Nerve stimulation enhances task-oriented training in chronic, severe motor deficit after stroke: A randomized trial

Cheryl Carrico, Kenneth C. Chelette, Philip M. Westgate, Elizabeth Powell, Laurie Nichols, Anne Fleischer, Lumy Sawaki

Research output: Contribution to journalArticlepeer-review

31 Scopus citations


Background and Purpose - A sensory-based intervention called peripheral nerve stimulation can enhance outcomes of motor training for stroke survivors with mild-to-moderate hemiparesis. Further research is needed to establish whether this paired intervention can have benefit in cases of severe impairment (almost no active movement). Methods - Subjects with chronic, severe poststroke hemiparesis (n=36) were randomized to receive 10 daily sessions of either active or sham stimulation (2 hours) immediately preceding intensive task-oriented training (4 hours). Upper extremity movement function was assessed using Fugl-Meyer Assessment (primary outcome measure), Wolf Motor Function Test, and Action Research Arm Test at baseline, immediately post intervention and at 1-month follow-up. Results - Statistically significant difference between groups favored the active stimulation group on Fugl-Meyer at postintervention (95% confidence interval [CI], 1.1-6.9; P=0.008) and 1-month follow-up (95% CI, 0.6-8.3; P=0.025), Wolf Motor Function Test at postintervention (95% CI, -0.21 to -0.02; P=0.020), and Action Research Arm Test at postintervention (95% CI, 0.8-7.3; P=0.015) and 1-month follow-up (95% CI, 0.6-8.4; P=0.025). Only the active stimulation condition was associated with (1) statistically significant within-group benefit on all outcomes at 1-month follow-up and (2) improvement exceeding minimal detectable change, as well as minimal clinically significant difference, on ≥1 outcomes at ≥1 time points after intervention. Conclusions - After stroke, active peripheral nerve stimulation paired with intensive task-oriented training can effect significant improvement in severely impaired upper extremity movement function. Further confirmatory studies that consider a larger group, as well as longer follow-up, are needed.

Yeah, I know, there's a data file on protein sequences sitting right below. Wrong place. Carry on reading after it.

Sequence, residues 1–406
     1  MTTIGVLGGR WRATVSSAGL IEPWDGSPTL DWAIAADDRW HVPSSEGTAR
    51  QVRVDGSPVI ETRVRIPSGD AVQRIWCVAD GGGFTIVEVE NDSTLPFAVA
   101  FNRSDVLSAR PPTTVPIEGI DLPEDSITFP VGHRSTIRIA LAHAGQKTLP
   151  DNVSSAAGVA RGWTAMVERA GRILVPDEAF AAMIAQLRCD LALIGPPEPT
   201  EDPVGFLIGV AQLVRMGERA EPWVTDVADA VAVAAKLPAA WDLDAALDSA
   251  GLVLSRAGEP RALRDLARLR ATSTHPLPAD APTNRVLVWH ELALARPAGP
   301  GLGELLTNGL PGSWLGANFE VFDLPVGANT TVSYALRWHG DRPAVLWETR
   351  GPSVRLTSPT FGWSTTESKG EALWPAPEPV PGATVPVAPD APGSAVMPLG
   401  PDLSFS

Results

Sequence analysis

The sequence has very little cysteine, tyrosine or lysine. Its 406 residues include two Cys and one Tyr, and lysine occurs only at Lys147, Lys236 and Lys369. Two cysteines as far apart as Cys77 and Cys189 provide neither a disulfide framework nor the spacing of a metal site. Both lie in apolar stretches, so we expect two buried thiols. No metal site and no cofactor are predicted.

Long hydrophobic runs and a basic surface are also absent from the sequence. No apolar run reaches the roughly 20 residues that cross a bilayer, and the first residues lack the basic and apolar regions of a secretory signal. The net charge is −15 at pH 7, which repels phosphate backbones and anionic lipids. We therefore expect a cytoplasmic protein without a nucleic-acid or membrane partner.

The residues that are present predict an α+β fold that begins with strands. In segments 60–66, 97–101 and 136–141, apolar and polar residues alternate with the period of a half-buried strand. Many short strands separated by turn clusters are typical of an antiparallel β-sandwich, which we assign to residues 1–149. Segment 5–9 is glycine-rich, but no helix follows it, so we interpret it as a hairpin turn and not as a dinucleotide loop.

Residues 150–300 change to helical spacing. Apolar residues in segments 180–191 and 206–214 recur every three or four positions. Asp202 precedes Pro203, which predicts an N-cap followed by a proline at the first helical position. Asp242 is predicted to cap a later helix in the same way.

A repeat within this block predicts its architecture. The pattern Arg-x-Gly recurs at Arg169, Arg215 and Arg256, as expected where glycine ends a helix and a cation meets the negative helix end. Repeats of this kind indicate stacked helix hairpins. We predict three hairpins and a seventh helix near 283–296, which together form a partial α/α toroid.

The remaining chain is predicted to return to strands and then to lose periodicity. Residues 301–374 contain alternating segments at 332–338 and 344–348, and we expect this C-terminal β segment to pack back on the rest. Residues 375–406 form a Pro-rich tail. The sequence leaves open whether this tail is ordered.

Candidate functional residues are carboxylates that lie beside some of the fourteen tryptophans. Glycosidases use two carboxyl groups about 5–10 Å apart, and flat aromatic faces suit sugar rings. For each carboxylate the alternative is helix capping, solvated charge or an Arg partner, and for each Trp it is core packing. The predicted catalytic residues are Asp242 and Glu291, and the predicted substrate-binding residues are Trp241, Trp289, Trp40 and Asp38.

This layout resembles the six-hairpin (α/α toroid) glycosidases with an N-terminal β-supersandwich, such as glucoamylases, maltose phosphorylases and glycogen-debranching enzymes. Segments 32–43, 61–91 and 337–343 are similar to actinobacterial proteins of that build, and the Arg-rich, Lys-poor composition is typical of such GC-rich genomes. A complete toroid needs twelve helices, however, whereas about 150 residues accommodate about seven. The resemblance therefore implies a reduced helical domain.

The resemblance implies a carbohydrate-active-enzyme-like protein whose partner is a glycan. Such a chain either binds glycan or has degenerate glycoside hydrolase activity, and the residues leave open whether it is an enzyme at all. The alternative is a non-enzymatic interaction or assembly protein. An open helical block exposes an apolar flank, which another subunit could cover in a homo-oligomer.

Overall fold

Original languageEnglish
Pages (from-to)1879-1884
Number of pages6
Issue number7
StatePublished - Jul 1 2016

Bibliographical note

Publisher Copyright:
© 2016 American Heart Association, Inc.


  • occupational therapy
  • rehabilitation
  • stroke
  • upper extremity

ASJC Scopus subject areas

  • Clinical Neurology
  • Cardiology and Cardiovascular Medicine
  • Advanced and Specialized Nursing


Dive into the research topics of 'Nerve stimulation enhances task-oriented training in chronic, severe motor deficit after stroke: A randomized trial'. Together they form a unique fingerprint.

Cite this